In the Pittsburgh Pennsylvania area, the commercial “terrestrial” airwaves are littered with country, pop, hip-hop, and classic rock stations and have been for years. Nonetheless, for a long time, there has been an ever growing population of musicians and music fans in the area with a hunger for heavier music. Even with little to no support from traditional radio, heavy metal survived in the area. Of course now with the advent of satellite radio, and even more so with the versatile and seemingly limitless internet radio available, we are no longer tethered by the restraints of traditional radio. Even still, for all this time there has been a strong following for heavy metal in the Greater Pittsburgh area. Perhaps what kept it together and allowed it to flourish is the incredible brotherhood of the musicians and fans that make up this community. Those on the inside that share a mutual respect and admiration for one another and their music are inspiring to say the least. Jealousy and animosity are almost non existent. Achievements as well as set backs and tragedies affect all in the community. Ask anyone in the circle and they will tell you … it is a family. One of the most respected and admired in this family is the heavy metal trio known as Homicide Black, who will release their second studio album, a four song ep, entitled “HBII” on October 28.
Homicide Black are Sean Nestor – lead vocals and guitar, Jazz Byers – drums, and Mike Loborec – bass. To give you an idea, they dwell in the realm of doom and damnation, but are not entirely held captive there. Nestor’s vocal style can be best described as a hybrid of Dio (yes) and Blackie Lawless. That being said, lets get on with their latest offering.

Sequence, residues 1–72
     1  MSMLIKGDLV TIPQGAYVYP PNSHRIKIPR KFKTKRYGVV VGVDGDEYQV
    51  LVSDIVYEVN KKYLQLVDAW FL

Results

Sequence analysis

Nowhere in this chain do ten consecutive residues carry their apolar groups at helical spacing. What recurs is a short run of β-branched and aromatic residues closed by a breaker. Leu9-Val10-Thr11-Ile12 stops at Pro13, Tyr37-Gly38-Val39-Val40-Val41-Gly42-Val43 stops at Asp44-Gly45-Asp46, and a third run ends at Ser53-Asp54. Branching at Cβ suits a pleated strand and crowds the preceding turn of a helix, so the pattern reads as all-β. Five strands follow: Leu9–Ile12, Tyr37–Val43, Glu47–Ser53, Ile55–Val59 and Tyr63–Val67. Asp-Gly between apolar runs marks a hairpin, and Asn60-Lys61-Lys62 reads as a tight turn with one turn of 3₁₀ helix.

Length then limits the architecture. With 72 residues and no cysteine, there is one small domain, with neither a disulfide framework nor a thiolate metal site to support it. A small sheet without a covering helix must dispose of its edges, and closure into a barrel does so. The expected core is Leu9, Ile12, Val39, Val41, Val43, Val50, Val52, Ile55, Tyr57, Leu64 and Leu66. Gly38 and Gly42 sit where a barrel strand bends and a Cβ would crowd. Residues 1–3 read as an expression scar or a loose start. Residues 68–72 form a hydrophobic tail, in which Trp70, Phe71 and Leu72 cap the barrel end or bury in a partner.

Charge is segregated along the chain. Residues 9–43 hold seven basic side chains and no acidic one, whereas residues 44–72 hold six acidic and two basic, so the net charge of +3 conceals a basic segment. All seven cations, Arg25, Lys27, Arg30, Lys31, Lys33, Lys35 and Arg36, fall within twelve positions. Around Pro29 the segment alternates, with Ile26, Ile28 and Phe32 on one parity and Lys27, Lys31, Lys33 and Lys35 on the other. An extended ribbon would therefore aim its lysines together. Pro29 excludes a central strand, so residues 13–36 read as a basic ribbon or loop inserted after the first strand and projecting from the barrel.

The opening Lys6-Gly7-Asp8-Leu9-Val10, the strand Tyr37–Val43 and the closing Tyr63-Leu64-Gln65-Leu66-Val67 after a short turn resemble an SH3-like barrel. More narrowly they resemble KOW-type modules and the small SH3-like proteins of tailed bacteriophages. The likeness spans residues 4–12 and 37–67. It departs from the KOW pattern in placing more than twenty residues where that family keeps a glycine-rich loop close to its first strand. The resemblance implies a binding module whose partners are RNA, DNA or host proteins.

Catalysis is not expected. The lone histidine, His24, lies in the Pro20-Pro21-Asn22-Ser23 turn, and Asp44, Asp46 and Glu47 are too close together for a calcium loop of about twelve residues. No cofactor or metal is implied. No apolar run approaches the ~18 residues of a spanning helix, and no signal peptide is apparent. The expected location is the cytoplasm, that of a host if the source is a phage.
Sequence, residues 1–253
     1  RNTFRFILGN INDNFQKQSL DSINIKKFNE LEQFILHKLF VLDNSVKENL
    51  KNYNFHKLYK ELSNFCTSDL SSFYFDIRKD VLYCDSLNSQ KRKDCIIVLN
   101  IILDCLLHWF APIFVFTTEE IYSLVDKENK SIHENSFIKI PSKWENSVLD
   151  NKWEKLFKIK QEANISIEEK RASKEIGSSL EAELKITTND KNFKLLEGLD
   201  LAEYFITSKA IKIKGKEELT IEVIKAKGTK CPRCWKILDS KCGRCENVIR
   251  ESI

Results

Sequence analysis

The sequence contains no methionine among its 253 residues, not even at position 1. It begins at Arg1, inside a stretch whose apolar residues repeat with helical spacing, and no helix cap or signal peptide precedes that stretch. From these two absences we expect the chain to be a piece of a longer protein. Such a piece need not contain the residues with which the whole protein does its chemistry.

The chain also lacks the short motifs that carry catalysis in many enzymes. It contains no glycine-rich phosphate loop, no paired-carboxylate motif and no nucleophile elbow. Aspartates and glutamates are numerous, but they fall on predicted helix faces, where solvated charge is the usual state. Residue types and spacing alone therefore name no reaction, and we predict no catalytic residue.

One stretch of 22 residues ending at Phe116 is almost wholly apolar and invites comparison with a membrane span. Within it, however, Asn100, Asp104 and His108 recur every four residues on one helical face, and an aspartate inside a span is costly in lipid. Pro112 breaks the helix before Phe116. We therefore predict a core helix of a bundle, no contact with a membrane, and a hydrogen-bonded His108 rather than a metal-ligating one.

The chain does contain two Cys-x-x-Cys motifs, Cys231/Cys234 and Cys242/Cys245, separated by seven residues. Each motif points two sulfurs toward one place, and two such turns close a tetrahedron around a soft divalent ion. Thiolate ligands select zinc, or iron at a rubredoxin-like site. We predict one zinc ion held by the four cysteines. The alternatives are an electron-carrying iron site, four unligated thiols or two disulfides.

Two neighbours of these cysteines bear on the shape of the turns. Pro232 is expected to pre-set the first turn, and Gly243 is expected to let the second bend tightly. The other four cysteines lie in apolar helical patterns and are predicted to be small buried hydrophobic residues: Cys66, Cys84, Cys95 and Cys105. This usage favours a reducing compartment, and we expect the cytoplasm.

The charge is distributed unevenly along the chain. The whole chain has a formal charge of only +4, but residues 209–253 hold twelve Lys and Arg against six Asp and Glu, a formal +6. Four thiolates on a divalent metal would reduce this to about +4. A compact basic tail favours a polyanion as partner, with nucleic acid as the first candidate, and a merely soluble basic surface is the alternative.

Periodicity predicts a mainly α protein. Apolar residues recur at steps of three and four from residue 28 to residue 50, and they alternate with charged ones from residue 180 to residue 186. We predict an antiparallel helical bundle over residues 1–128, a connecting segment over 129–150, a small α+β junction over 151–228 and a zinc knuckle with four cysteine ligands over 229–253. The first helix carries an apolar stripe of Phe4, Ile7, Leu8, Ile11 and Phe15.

Track 1: “Where My Demons Lie” begins with a brief guitar intro with the feel of an old west tale being told. When the rhythm section kicks in, the song explodes with all the power and fury of a shootout in the center of town. At this point, you realize HB is the real deal. This is one of those songs that can give you goose bumps when you crank it. The talent of this three piece shines on this tune about a gambler who crosses the wrong man and suffers the consequences (or is it a metaphor?) This song alone can carry the rest of the album, but it doesn’t need to. Track 2: Next comes a cover of Jefferson Airplane’s “Somebody To Love.” This is the same song we all know and love, but with a harder, crunchier delivery. Track 3: From there, we fall deep into the abyss with “Hate,” Nestor showcases some very impressive doom laden vocals. This song of despair and misery is very reminiscent of the early work Dio did with Black Sabbath. Track 4: They close it out with “Lifeless (But Beautiful)”, an uptempo song telling a story of hardship and tragedy in old school thrash style.
The content within “hbII” proves that Homicide Black are a talented band capable of being versatile. Each selection offers something a little different, while still complimenting each other.
There is no wonder they are so well respected by their peers. The only real down side to this release is the fact that there are only four songs and it leaves you wanting more. hbII delivers the goods and we should be seeing more of them in the future. Do yourself a favor and get your copy. You won’t be disappointed.
hbII track listing:
- Where My Demons Lie
- Somebody To Love
- Lifeless (But Beautiful)